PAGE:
Excuses for not voting should be rebuffed

Published 6:50 pm Wednesday, May 22, 2019


The Advocate-Messenger

Cue the broken record: Kentuckians need to do a better job voting.

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Just fewer than one in five registered voters actually cast a vote in Tuesday’s primary election.

Looking at the state Board of Elections map of county-by-county voter turnout is just depressing: the commonwealth is dark red almost all over, signaling turnout between 10 and 20 percent. You can count the counties with more than 30-percent turnout on one hand.

Here in Boyle County, we did slightly better than the state, with 21.85-percent turnout. We’re not at the bottom of the barrel, but it’s hardly anything to brag about.

Franklin County had just over 40 percent of voters vote, as did Elliott County, according to the state board of elections. Rowan, Nicholas and Woodford all managed to top 30 percent.

So there are counties out there voting better than Boyle. That means we’re not doomed to always have to one in five voters show up in off-year elections and three in five show up for presidential elections. It is possible to do better.

How could we do it? We think it comes down to creating a culture change.

We have to stop listening to the voices that tell us our government is permanently broken and start believing government can do good if we bother to put in some effort.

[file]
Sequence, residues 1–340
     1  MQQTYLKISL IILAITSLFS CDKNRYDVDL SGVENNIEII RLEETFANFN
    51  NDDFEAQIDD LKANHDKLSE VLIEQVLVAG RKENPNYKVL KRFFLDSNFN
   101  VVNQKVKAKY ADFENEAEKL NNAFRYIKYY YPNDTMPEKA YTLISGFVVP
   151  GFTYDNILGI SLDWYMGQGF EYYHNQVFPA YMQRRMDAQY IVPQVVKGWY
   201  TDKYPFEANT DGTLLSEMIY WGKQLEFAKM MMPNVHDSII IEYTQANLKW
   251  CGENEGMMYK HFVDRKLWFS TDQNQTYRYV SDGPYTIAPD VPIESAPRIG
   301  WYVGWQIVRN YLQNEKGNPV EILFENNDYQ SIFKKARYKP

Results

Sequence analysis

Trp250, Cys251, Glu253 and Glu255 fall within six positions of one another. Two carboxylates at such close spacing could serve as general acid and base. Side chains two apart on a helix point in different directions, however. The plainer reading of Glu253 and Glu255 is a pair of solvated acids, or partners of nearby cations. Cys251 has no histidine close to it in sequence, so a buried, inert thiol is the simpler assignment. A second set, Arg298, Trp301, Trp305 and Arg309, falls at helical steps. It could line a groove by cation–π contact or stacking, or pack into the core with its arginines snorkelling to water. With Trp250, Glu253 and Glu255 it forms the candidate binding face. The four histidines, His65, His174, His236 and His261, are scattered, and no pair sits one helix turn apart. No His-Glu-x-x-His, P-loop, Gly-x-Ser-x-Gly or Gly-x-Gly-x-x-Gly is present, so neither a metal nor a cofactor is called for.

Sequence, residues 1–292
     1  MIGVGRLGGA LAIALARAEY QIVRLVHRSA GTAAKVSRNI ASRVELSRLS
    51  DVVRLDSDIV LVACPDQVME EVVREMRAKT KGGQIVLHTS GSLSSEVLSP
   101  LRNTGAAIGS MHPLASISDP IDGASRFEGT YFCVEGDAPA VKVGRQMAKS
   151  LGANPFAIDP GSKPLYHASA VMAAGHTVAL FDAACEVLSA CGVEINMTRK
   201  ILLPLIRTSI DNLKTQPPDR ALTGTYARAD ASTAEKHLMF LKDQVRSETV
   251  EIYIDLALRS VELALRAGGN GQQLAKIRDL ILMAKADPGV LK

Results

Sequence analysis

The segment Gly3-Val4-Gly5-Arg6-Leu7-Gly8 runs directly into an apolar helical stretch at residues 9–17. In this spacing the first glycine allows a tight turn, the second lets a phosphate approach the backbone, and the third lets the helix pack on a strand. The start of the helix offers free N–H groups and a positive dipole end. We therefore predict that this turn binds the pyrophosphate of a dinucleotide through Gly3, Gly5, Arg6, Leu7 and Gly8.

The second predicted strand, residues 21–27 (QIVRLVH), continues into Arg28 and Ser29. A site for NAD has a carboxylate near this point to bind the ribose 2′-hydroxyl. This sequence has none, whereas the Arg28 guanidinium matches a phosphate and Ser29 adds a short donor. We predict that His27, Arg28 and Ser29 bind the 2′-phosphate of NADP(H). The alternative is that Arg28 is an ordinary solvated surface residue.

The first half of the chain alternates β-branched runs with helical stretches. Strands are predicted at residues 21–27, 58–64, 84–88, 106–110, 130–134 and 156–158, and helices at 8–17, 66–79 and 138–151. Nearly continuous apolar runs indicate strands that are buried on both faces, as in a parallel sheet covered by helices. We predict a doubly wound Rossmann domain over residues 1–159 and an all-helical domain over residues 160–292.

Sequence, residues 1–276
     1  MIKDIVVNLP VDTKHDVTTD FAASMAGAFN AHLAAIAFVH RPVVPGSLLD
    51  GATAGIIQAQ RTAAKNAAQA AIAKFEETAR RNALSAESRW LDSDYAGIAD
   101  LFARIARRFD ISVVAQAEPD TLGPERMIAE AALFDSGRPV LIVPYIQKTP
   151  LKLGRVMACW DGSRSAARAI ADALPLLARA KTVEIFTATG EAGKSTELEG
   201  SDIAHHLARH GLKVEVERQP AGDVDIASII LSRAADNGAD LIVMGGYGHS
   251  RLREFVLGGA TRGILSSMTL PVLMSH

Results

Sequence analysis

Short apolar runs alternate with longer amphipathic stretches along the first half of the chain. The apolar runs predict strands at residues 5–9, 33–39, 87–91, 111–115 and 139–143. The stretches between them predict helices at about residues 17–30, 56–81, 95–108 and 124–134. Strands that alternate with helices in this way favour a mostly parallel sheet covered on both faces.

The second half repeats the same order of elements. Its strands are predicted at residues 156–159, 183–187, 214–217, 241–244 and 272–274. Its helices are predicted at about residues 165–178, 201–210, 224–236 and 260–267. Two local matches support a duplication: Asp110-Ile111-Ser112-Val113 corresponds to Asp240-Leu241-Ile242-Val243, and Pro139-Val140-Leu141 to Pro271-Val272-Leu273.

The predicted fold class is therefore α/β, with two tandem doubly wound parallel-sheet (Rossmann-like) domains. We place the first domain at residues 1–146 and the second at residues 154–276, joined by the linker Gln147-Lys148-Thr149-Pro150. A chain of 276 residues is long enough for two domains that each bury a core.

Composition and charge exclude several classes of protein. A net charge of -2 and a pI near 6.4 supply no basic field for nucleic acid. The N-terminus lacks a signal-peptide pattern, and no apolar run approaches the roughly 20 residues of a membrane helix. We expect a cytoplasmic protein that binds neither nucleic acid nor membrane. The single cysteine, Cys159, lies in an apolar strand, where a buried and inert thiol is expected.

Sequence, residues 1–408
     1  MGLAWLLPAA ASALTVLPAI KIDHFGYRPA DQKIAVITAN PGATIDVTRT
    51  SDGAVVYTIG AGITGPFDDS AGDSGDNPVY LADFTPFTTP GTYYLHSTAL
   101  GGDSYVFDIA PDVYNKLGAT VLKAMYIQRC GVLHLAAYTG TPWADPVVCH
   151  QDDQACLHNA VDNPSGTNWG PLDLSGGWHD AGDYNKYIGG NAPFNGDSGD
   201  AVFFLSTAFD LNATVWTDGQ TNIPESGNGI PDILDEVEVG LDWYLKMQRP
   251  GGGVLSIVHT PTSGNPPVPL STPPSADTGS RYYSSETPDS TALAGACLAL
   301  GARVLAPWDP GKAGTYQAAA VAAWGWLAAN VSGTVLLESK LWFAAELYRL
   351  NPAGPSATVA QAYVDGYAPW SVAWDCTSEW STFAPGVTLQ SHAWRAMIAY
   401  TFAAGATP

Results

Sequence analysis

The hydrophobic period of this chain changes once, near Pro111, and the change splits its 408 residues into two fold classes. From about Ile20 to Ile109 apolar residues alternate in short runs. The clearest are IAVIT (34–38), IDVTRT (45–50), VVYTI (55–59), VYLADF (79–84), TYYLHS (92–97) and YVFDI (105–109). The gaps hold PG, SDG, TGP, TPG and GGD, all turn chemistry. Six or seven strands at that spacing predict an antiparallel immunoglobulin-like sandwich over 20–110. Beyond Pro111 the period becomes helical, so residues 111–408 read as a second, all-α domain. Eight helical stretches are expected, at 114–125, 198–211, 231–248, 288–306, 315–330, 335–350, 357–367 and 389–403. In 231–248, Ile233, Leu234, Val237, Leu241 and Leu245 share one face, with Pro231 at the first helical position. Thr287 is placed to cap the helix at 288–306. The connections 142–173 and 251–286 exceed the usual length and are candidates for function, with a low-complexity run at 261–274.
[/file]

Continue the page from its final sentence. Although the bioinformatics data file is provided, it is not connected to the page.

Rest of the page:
We have to end the vicious cycle perpetuated by low voter turnout: When we don’t show up at the polls, we don’t get to pick our elected officials. When we don’t pick them, we wind up with unpopular leaders who do things very few people want. Then many people don’t bother to show up for the next election because they’re so turned off by their government.

This cycle is not our destiny. It may feel inescapable at times, when year after year turnout in Kentucky and the nation lags way behind where it should be. It may seem like the problem is too complex to be solved.

But it’s really not all that complicated. If people show up to vote, good candidates who people actually like will gain better chances against polarizing candidates who only play to their bases. As more good candidates get elected, they will help make decisions based on what’s good for people, not for their pocketbooks or re-election chances. The public will appreciate that, and positive feelings about our government will induce greater and greater voter turnout.

You can be part of the solution by voting — that’s obvious enough. You can also be part of the solution by calling out anti-voting rubbish when you hear it. When someone says they don’t bother to vote because their vote won’t change anything, or that they’re too busy, or that all the politicians are the same, tell them point-blank they’re wrong.

Tell them if more people bothered to vote, the people’s voice becomes stronger and their vote would mean more. Tell them by not voting, they’re actually voting in favor of a system that chooses unpopular candidates and unresponsive government. Tell them if they can find time to eat lunch seven days a week, they can find time to vote twice a year.

If even a small number of people began taking public stands against voter apathy wherever they encounter it, the ripple effects could be impressive.